How to deal with anti-vaxxers in your workplace

71% of staff want to see unvaccinated colleagues fired – but what's HR's role in all of this?

How to deal with anti-vaxxers in your workplace

With Omicron on the rise, tensions between vaccinated and unvaccinated factions are building too. Mandating jabs has always been a divisive issue – with firm believers on both sides, neither willing to back down without a fight.

According to a recent report from the Angus Reid Institute, 71% of employees want to see their unvaccinated colleagues fired – or at the very least placed on unpaid leave. And, while HR leaders may have their own views, dealing with anti-vaxxers in the workplace should be an unbiased process – one led with compassion and understanding.

Union vs non-union

HRD spoke to Dr Melanie Peacock, professor of at Mount Royal University and winner of HRD’s Lifetime Achievement Award, who explained the best ways for leaders to deal with anti-vaxxers in the workplace.

Read more: Bill 27: Right to disconnect passes in Ontario

“Much of this issue will ultimately boil down to legal conversations and decisions regarding peoples' rights, employers' duty to accommodate, what is considered undue hardship,” prefaced Dr Peacock. “By that I mean that employers won't have to accommodate some issues during the time of a pandemic – and it’s not a clear-cut matter by any means. How to deal with anti-vaxxers will also be different in unionized versus non-unionized environments. In the former, it will be critically important for employers to maintain open communication with union reps, be transparent in their plans, ensure the collective agreement is being followed, in regards to process, and this adds extra steps and extra complexity.”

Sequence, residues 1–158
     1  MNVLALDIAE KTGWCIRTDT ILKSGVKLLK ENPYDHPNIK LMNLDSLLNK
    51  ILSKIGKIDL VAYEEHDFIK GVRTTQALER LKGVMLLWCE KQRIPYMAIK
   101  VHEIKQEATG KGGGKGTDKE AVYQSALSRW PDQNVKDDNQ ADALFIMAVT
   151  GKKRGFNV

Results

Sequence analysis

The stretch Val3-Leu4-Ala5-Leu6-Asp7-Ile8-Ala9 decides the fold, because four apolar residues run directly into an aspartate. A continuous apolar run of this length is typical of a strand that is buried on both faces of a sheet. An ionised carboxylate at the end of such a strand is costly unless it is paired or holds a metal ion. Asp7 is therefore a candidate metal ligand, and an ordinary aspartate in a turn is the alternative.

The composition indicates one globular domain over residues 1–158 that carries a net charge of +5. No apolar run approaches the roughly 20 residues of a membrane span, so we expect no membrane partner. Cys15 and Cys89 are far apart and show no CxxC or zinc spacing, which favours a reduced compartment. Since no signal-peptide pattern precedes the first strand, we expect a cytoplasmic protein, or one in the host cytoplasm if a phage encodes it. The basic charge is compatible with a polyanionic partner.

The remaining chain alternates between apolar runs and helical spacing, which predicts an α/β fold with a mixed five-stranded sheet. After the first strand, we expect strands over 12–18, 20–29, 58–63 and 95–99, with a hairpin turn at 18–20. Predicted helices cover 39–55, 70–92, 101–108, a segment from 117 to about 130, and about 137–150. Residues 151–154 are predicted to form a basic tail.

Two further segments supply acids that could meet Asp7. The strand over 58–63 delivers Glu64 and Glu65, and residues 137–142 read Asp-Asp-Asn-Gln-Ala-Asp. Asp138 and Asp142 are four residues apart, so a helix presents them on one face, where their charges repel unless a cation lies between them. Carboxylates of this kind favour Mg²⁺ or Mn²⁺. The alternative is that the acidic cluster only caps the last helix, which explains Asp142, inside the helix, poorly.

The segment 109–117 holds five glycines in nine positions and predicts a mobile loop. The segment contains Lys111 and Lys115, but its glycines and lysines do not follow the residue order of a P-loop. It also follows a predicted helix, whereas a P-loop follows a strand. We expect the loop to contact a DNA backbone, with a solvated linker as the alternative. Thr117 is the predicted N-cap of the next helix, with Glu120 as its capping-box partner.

Education and development

The no jab, no job movement was rather controversial at the start of the pandemic – however it quickly became the norm, with companies, governments, and even entire countries backing the move. And while these kinds of measures have helped speed up the inoculation drive, they’ve also seen people lose their jobs and livelihoods. A first step to preventing the spread of misinformation is through education and learning – something HR is a dab hand at.